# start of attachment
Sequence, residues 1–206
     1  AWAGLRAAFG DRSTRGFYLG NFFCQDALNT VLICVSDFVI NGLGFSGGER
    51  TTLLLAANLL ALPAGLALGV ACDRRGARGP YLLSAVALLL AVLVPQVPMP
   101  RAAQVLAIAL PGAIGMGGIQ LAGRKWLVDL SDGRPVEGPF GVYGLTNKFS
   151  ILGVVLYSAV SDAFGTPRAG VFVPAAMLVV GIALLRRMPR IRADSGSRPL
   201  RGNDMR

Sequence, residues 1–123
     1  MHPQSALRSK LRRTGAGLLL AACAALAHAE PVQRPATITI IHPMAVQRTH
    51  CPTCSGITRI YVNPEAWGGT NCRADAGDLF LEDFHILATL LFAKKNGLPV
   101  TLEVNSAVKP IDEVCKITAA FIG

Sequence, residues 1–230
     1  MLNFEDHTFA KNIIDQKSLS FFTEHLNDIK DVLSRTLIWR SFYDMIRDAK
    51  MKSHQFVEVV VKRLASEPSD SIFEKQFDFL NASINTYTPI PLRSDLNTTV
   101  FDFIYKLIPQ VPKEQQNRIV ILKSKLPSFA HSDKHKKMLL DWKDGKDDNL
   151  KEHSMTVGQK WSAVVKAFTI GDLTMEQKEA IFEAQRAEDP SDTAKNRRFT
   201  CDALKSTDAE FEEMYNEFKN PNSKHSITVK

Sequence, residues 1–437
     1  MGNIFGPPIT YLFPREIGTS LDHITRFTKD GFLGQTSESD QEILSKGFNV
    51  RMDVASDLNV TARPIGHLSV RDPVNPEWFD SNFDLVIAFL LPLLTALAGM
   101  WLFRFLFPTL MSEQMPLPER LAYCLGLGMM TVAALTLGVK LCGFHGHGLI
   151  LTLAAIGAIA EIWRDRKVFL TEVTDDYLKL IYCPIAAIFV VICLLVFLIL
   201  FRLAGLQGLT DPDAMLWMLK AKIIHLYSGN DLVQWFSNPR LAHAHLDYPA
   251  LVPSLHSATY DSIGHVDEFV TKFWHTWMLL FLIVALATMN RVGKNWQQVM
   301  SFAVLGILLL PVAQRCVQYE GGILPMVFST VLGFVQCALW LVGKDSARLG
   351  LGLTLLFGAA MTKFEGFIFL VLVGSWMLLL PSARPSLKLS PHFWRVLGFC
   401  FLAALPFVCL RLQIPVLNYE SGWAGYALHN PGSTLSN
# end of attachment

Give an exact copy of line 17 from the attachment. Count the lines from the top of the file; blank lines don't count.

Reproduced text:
Sequence, residues 1–437